In this meaningful TED-Ed lesson written by Dr. Carly Ann York and animated by Yajun Shi, narrator Alexandra Panzer explains how female African clawed frogs (Xenopus laevis) have the ability to constantly produce eggs. It explains how it was once used to detect pregnancy. In humans. Also, unlike the rabbits used previously, the frogs were not subsequently dissected.
"They responded to hCG within about nine hours, without the need for dissection. And because their large ovaries constantly produce eggs, they participated in numerous trials over their 15- to 30-year lifespan." Even better, these frogs were common in their natural habitat.'' This made it easier to find, catch, and export the frogs. This has led to these frogs being present in hospitals around the world. Unfortunately, this had an unexpected but not surprising side effect. ”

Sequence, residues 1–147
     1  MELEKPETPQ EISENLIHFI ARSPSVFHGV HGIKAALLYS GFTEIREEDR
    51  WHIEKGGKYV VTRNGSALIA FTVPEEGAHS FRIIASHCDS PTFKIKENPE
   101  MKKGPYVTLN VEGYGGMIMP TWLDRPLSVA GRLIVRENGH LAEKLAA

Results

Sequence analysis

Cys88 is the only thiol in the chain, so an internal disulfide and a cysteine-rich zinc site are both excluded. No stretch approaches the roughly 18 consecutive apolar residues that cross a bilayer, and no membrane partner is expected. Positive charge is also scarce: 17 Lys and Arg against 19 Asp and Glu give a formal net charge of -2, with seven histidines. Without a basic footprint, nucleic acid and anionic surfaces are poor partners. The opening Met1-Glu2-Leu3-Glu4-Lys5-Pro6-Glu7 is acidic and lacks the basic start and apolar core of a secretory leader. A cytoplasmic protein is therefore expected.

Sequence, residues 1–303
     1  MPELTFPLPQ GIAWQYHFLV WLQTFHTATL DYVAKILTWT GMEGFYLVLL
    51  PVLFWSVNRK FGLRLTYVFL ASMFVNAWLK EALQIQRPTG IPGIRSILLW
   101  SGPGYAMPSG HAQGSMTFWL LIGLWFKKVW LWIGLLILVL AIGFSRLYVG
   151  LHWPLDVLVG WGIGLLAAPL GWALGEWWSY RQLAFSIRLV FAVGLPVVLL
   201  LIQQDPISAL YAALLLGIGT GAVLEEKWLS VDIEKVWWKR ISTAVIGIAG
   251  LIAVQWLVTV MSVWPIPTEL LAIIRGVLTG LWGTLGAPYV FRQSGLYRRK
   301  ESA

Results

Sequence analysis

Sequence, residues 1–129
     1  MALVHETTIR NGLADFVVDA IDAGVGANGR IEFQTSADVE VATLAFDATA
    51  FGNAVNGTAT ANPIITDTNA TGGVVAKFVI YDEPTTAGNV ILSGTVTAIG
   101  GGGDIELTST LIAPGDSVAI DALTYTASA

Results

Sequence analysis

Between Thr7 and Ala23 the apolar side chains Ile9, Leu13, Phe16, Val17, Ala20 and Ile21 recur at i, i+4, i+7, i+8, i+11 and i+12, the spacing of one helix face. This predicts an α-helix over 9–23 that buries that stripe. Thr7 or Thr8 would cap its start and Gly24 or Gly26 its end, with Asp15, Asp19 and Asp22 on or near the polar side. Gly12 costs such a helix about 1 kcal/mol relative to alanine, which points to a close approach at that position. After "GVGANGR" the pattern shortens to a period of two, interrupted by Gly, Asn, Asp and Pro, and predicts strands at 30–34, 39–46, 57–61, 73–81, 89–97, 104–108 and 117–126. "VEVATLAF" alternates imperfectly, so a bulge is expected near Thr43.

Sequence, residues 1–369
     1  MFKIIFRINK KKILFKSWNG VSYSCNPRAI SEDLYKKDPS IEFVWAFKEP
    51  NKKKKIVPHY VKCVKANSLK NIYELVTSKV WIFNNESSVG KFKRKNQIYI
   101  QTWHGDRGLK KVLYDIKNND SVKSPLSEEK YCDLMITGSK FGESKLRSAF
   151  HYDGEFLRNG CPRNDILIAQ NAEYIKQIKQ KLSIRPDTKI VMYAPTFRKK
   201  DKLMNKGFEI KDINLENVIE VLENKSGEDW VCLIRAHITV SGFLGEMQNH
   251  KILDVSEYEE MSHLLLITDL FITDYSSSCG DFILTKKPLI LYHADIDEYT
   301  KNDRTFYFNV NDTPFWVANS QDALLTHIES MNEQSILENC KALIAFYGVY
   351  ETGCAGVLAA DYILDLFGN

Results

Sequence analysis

“Many of these amphibians have escaped from laboratory enclosures, and in many places their ferocious appetites have allowed them to outcompete native amphibians. In the 20th century, this fungal infection decimated amphibian populations around the world, causing a number of infections. We made that frog species extinct.”
This practice continued into his 1970s. Since then, doctors have had access to chemical tests that can detect the presence of hCG, which indicates pregnancy. The use of Xenopus was then made illegal, and its presence is now considered invasive.
“…Xenopus is currently considered an invasive species and is illegal in many areas. Ultimately, like other pregnancy tests, these frogs were used in scientific research with both positive and negative results. ”